While in a grove I sate reclined,
In that sweet mood when pleasant thoughts
Bring sad thoughts to the mind.
To her fair works did Nature link
The human soul that through me ran;
And much it grieved my heart to think
What man has made of man.
Through primrose tufts, in that green bower,
The periwinkle trailed its wreaths;
And 'tis my faith that every flower
Enjoys the air it breathes.
The birds around me hopped and played,
Their thoughts I cannot measure:--
But the least motion which they made
It seemed a thrill of pleasure.
The budding twigs spread out their fan,
To catch the breezy air;
And I must think, do all I can,
That there was pleasure there.
If this belief from heaven be sent,
If such be Nature's holy plan,
Have I not reason to lament
What man has made of man?
In the poem, ‘Written in Early Spring’, Wordsworth feels sad about the fact that man alone among all creation is neither in harmony with his own kind nor with nature.
The poet is seated relaxed against a tree in a shady clump of trees listening to the music of the breeze, the chirping of birds and the creaking of insects. He is in the sweetest of moods. But along with pleasant thoughts in his mind at that moment, sad thoughts too arise.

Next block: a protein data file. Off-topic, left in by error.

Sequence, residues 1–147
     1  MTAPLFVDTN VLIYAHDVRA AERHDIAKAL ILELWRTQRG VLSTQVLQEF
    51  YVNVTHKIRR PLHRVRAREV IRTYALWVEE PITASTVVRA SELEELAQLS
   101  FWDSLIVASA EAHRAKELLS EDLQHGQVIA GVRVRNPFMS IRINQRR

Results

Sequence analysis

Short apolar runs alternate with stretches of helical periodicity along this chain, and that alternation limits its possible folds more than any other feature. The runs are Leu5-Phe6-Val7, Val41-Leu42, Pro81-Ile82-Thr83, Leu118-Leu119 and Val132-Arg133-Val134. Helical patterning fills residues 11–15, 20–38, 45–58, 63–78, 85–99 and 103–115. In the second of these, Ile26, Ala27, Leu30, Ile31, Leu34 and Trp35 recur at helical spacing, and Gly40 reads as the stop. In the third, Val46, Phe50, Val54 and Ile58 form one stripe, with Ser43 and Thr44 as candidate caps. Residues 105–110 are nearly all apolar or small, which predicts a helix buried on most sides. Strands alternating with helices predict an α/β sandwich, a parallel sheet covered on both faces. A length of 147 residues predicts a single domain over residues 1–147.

Nature seems to have linked his soul with her soul in perfect communion. In that blessed mood, he is saddened to realize what man has done to his fellowmen and to nature. Man has inflicted pain on his own fellowmen and has destroyed nature.
The periwinkle intertwines itself on the primrose in perfect coexistence and the poet believes that every flower seems to enjoy the air it breathes. The poet is trying to say that the plants and the flowers coexist peacefully and seem to derive pleasure from their living.
Similarly, the birds seem to be in harmony and seem to derive pleasure in their movements of hopping and playing. In the same way the poet feels that the fresh branches seem to experience pleasure as they spread out into the air to catch it.
In the last stanza, the poet sums up what he has said. He feels that if the divine plan or ‘Nature’s holy plan’ is pleasurable and peaceful coexistence, he wonders why man alone has moved away from this plan. Only man lives in discord with himself and the rest of creation.
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